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  1. #1
    Join Date
    Jun 2010
    Posts
    1

    Default stain for a mahogany deck

    we have a mahogany deck that was installed about 4 years ago. we have been using cabot's australian timber oil to stain the deck but it does not even last a year. I am not sure if I am applying it wrong. It looks great when it is done but fades very quickly. Not sure if anyone else has had this problem or some recommendations on what stain would be best. Thank you

  2. #2
    Join Date
    Jun 2010
    Posts
    3

    Default Re: stain for a mahogany deck

    We have a mahogany deck and use the same sealer/stain product that you mention. We hired someone in October of last year to power wash it really well and apply a new coat of the sealer/stain. During the winter it didn't last long at all in making the rain water bead, as expected. The contractor came back in May and applied another coat after another very light pressure washing and it is beading water extremely well now. He made a point that the sealer/stain should be applied with a pad applicator, not a sprayer or a brush. When he did it he was very slow in applying it with the pad to be sure the wood absorbed it. He used something like a kitchen floor cleaner pad.

  3. #3
    Join Date
    Aug 2007
    Location
    Portland, Oregon, formerly of Chicago
    Posts
    1,794

    Default Re: stain for a mahogany deck

    Greene,

    I know of no oil based tranparent or semi-transparent stain which does not advise yearly maintenance coats of oil. Oil stains are a trade-off between yearly maintenance or periodically having to strip high build type water soluble stains. Oil stains will not peel, as is possible with the others.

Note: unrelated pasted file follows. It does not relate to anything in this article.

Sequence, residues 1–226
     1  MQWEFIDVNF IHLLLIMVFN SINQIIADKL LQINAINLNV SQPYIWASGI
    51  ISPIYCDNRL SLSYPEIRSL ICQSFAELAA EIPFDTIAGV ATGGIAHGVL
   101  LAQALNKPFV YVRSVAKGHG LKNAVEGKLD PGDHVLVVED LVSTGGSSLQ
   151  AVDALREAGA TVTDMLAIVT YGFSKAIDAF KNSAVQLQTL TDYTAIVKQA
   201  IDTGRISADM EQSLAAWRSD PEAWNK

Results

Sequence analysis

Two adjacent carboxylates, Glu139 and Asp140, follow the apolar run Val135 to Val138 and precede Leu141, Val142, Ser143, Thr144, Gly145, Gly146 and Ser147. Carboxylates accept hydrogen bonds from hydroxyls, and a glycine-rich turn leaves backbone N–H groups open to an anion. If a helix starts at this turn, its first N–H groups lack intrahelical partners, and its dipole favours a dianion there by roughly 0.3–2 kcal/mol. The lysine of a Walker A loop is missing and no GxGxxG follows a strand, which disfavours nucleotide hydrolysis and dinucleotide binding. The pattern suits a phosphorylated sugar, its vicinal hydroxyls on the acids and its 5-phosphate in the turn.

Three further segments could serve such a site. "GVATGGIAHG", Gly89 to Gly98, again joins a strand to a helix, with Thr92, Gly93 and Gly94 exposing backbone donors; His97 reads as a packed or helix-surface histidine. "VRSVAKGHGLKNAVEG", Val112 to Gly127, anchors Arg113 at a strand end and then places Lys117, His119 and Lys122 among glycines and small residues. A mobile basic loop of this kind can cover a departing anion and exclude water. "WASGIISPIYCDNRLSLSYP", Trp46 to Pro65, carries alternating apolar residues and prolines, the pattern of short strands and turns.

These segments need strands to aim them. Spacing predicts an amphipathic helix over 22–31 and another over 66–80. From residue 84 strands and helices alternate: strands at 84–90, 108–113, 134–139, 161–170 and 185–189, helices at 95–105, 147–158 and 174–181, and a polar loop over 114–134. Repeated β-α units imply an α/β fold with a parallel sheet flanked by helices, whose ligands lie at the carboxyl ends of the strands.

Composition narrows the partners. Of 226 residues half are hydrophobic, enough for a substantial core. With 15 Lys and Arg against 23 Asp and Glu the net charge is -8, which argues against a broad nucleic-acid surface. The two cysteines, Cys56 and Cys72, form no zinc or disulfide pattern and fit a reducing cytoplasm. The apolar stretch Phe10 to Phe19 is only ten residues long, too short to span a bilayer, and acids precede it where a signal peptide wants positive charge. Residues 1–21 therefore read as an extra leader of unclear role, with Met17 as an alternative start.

Oil stains can be applied with spray, brush or pad. Personally I prefer a brush. If using a pad or spray, it is best to back brush. Spray and pads do not get the edges of the decking boards and leaves them vulnerable to water penetration there. Also, most decks are fastened down with screws which are often over-torqued and are at the bottom of little craters. Pads and spray alone do not get sufficient stain down into these areas.

    It is important to give the boards a liberal coat of stain, but not so much that it does not get completely drawn into the wood. If oil remains sitting on the surface, it could be sticky for months! If you look back after about 15 minutes and see oil sitting on the surface, you should wipe off the excess with rags or paper towels. Be carely with these rags, especially if the oil contains linseed oil. It is very prone to spontaneous combustion! Let them thoroughly dry out on the lawn before discarding them. They are then best put in a sealed metal can.

    Yearly maintenance consists of giving the deck a thorough cleaning. I like a product such as Jomax for this. It is mixed with water and bleach to make a gentle , yet affective cleaner. You should be careful with the use of pressure washers. They can damage the surface. They are best used to merely give a vigorous rinse. Let the Jomax do the work. A scrubbing with and old fashioned scrub brush on the end of stick does not hurt to aid in getting up surface dirt and stains.

    After letting the deck thoroughly dry ( oil and water don't mix!), give the deck a light coating of oil. Once again making sure that all the oil gets absorbed into the wood.

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